What this report finds: An April 29 advice memo issued by the National Labor Relations Board’s Office of the General Counsel (NLRB GC), arguing that Uber drivers should be classified as independent contractors, is defective. It overstates the realities of Uber drivers’ “entrepreneurial freedom,” understates Uber’s control over its drivers, and discounts relevant analysis related to how Uber drivers are paid. It is only through cherry-picking facts and ascribing outsized weight to some factors that the GC reaches its erroneous conclusion. In reality, Uber drivers do not have the opportunities and autonomy that small business owners have:
- Uber drivers—who earn about $9–$10 an hour—can’t expand revenues because they can’t control prices or expand their customer base—the only thing they can do is drive more hours.
- Any boost in earnings as Uber drivers get more experience is minimal and stalls out after about two years. (According to research coauthored by Uber’s chief economist, a driver with roughly two years of experience earns about 9% more than a novice driver with about three months of experience, and driving for an additional two years provides only a 1–2% further earnings bump. The earnings growth over the first two years is only minimally different from that of other workers.)
- Uber drivers are not able to choose their customers: drivers can’t pick their riders (they are penalized for rejecting trips).
- Drivers do not even have basic control over how they deliver rides—drivers can be penalized for picking inefficient routes (as per Uber’s judgment).
- Uber drivers are “supervised” by semi-automated and algorithmic systems that track their acceptance rates, time on trips, speed, customer ratings, and other factors, and drivers can be “deactivated” based on these factors.
- Because Uber charges riders a predetermined rate but pays drivers based on actual miles covered and minutes spent, the company clearly has a financial incentive to control drivers.
The NLRB GC memo acknowledges that how Uber drivers are paid and other features suggest a lack of driver control (and thus align with an employee classification). But then the GC discounts these facts on the basis of drivers’ “entrepreneurial freedom”—claiming that drivers can, at any time, work for a competitor like Lyft or pursue a different venture altogether. This is illogical since almost every part-time worker has the freedom to moonlight or pursue a new venture. Uber drivers should be classified based on how they relate to Uber.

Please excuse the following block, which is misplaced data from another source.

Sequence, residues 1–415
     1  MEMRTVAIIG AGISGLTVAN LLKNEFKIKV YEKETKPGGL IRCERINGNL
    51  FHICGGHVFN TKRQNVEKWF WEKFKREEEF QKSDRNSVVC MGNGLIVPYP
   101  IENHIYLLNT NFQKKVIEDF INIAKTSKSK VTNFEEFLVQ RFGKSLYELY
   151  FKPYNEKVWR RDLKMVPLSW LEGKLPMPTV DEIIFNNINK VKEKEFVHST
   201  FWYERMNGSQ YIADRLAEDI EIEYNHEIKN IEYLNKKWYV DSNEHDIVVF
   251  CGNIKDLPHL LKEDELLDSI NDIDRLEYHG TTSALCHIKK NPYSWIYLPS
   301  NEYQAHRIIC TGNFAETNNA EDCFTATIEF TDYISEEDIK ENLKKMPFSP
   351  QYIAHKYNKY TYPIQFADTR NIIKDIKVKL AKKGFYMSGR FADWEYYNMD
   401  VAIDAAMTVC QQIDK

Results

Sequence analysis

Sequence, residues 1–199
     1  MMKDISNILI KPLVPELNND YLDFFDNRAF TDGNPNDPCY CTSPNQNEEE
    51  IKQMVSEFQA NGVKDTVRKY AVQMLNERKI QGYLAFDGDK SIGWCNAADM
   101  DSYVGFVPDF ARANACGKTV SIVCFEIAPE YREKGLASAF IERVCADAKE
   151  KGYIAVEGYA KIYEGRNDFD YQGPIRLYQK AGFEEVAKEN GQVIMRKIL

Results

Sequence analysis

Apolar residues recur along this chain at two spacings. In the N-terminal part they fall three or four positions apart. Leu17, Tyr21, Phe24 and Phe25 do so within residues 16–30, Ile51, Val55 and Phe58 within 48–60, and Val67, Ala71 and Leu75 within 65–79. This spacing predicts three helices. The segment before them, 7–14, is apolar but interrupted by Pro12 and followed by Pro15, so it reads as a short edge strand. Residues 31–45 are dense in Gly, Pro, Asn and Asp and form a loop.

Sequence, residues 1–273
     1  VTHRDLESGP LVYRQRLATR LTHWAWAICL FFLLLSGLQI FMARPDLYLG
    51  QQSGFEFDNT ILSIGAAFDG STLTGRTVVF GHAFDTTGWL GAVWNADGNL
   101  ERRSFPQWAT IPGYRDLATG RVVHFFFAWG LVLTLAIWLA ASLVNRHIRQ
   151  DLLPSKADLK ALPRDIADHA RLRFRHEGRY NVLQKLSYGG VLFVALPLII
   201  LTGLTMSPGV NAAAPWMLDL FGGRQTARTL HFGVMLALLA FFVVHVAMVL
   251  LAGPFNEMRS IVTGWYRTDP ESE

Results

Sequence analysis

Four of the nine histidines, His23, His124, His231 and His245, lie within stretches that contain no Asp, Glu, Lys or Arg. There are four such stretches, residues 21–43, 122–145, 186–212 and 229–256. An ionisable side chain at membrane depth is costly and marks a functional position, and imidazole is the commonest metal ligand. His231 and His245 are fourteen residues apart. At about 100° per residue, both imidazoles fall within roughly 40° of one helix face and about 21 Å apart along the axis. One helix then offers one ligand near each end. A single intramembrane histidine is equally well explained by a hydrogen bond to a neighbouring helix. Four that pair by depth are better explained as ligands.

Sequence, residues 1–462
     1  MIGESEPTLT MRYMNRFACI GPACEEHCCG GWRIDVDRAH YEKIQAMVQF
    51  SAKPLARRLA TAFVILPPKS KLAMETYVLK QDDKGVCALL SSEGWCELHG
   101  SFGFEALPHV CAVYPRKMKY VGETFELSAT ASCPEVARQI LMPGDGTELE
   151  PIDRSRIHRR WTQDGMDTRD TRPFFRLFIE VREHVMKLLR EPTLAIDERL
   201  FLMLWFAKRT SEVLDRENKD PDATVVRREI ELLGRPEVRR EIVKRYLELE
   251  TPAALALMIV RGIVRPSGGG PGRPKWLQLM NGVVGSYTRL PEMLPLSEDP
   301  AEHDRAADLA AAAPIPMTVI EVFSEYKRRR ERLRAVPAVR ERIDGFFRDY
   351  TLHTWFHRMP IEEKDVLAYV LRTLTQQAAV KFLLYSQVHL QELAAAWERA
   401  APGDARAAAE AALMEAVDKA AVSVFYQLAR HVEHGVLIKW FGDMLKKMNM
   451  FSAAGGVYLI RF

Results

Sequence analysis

Why it matters: The NLRB is the federal agency that enforces the National Labor Relations Act (NLRA). The GC’s determination effectively robs Uber drivers of the rights under the NLRA to engage in collective action—such as organizing a union or collectively bargaining—to improve their working conditions. Although the memo specifically covers Uber and UberX drivers, it serves as guidance for the Board’s treatment of similarly situated workers and employers.
What we can do about it: Insist that the agencies charged with enforcing the nation’s labor and employment laws conduct fair, fact-based inquiries when determining worker classification status. Such inquiries must recognize that companies assigning work via an app should be treated no differently than those assigning work the traditional way. Using technology to assign and direct work should not enable companies to avoid compliance with workplace protections.
In April 2019, the Office of the General Counsel (GC) of the National Labor Relations Board (NLRB) issued an “advice memo” addressing the issue of independent contractor versus employee classification for internet-based service firms (IBSFs) (NLRB GC 2019). Under the National Labor Relations Act (NLRA), only workers who are classified as employees have the right to form or join unions or to engage in collective bargaining or other efforts to improve their working conditions. Independent contractors are not covered by the NLRA and therefore do not have the rights and protections it grants employees. The NLRB is the federal agency that enforces the NLRA. Employees whose rights under the NLRA are violated must rely on the NLRB’s Office of the General Counsel to represent them (they can’t bring their own case to court, i.e., they have no “private right of action”).
That is why the GC’s advice memo is so significant. The GC’s advice memo—which is not reviewable—sets forth the General Counsel’s position that workers who drive for the on-demand transportation service company Uber are independent contractors, not employees. This determination denies Uber drivers coverage under the NLRA, effectively robbing them of the right to engage in collective action, such as organizing a union or collectively bargaining, under the current general counsel. And, although the memo specifically covers Uber and UberX drivers, GC advice memos are released to show how the GC analyzes certain facts, and thus in effect serve as guidance on the Board’s treatment of similarly situated workers and employers.